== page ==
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Rise in Number of Dengue Cases Worries Officials

Published: 12th January 2015 06:01 AM  |   Last Updated: 12th January 2015 06:01 AM   |  A+A-

BENGALURU: Dengue cases have risen in the city despite preventive steps taken by the Health Department and Bruhat Bangalore Mahanagara Palike, health officials have said.

In 2014, 3,047 cases of dengue and 877 cases of Chikungunya were reported in the state. Of this, 781 cases of dengue and 150 cases of chikungunya were reported in Bengaluru alone. Similarly, Mangaluru recorded 122 and Ballari 445 dengue cases.

“These cities account for more than 50 per cent of the vector-borne disease. Therefore, the Health Department and city municipal corporations will coordinate and intensify the programme of education to gangmen and link workers. The officials will have to carry out information education and communication programmes effectively,” Health Minister U T Khader told Express.

“Though the incidence of dengue decreased in the state overall compared to 2013, it rose in Bengaluru and other cities which is worrying, Khader said. DHOs have been directed to prepare an action plan in advance to tackle the vector-borne disease, which tends to spread faster from March, he said.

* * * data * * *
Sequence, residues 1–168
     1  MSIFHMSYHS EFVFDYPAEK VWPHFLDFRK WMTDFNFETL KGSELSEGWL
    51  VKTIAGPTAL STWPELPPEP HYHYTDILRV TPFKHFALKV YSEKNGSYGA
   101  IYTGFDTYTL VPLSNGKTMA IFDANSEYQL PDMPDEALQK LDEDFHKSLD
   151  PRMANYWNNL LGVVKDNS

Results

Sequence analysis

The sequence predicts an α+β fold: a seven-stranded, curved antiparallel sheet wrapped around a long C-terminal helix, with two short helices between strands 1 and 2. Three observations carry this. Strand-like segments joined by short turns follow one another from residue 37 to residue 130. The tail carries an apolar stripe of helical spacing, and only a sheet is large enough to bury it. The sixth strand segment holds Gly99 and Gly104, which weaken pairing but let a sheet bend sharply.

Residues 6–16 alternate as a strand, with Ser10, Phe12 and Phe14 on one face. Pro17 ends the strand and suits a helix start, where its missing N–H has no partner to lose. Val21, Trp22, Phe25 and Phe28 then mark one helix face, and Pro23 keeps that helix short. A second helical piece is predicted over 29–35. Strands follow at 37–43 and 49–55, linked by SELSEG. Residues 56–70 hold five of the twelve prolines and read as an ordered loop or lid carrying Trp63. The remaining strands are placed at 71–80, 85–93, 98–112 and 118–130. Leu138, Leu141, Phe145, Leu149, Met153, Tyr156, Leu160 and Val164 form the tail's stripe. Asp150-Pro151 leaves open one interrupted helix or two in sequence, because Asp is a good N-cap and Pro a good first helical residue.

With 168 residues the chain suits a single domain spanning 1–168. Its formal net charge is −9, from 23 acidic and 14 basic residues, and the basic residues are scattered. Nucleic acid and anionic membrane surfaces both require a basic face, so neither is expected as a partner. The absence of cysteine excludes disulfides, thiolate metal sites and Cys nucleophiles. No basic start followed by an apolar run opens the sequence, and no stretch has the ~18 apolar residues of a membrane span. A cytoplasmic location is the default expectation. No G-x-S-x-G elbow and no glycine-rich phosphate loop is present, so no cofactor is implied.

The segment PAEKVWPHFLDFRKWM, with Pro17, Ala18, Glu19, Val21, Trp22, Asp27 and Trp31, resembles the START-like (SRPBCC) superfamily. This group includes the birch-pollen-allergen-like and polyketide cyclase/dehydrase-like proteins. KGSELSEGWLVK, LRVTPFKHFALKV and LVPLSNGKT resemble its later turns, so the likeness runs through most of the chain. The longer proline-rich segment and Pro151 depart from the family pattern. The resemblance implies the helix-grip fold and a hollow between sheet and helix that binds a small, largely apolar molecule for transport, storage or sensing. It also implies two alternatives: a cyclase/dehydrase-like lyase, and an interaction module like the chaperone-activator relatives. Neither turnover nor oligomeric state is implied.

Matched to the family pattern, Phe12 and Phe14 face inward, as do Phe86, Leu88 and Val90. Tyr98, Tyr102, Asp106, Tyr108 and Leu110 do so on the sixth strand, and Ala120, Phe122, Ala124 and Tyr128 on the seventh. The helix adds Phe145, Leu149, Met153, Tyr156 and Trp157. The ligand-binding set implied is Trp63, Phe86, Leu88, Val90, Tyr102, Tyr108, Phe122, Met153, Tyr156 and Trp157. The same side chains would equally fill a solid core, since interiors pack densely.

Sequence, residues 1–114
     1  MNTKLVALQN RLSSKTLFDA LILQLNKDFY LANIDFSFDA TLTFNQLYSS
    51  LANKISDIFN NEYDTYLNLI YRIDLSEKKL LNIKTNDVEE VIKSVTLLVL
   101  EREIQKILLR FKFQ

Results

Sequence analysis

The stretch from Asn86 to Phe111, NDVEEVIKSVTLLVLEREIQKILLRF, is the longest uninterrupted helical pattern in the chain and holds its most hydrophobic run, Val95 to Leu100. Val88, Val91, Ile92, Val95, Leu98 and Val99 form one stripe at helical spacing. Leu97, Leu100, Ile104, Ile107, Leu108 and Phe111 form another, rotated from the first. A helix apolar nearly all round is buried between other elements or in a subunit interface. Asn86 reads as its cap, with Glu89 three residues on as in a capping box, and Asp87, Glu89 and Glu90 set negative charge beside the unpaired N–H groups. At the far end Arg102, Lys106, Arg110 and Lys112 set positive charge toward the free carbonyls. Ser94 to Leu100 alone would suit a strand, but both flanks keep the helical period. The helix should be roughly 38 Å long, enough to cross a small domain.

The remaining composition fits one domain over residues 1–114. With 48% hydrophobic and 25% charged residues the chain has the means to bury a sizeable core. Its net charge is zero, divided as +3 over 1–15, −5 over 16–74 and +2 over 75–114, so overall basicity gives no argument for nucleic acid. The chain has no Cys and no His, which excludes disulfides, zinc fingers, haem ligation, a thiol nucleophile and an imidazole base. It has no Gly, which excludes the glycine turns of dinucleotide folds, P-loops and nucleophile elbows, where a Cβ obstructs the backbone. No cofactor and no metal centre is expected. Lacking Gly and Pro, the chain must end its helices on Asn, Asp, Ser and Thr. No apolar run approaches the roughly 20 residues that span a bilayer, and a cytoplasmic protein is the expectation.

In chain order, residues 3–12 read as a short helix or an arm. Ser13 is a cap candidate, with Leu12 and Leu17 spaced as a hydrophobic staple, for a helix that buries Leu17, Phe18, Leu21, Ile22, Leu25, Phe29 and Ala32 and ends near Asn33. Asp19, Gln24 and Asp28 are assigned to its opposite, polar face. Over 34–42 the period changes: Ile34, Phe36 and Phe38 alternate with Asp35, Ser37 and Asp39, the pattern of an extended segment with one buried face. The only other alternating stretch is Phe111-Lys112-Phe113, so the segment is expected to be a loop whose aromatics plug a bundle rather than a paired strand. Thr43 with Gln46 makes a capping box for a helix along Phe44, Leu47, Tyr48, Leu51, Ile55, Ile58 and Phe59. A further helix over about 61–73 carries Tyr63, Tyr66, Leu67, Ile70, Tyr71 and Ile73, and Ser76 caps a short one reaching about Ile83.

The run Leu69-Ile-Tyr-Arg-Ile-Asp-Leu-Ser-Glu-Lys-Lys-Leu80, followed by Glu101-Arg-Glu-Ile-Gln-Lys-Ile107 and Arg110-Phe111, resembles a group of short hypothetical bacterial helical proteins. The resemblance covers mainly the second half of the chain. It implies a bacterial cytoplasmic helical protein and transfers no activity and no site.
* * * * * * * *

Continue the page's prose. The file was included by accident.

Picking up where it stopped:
BBMP Commissioner M Lakshminarayana said he would instruct deputy health officers in each zone to implement the corporation and health department’s programmes and policies in all the areas.

The link workers and gangmen have already been instructed to spray chemicals to kill larvae, he said. “Larvae killing chemicals will be sprayed at all garbage collection points as these may serve as water collecting points where the larvae thrive,” BBMP medical officer Manoranjan Hegde said.

BBMP plans to use two power spraying vehicles for each Assembly constituency. This will contain the vector borne disease, he said. Similar instructions have been issued in other cities as well to keep track of vulnerable zones like slums and areas that face water supply problems in the coming days.

“Open water tanks and containers, and garbage-like coconut shells, tyres, pots etc. all have to be cleared as they are the sources of mosquito breeding. Health inspectors in city corporations have to monitor such activity,” an official said.



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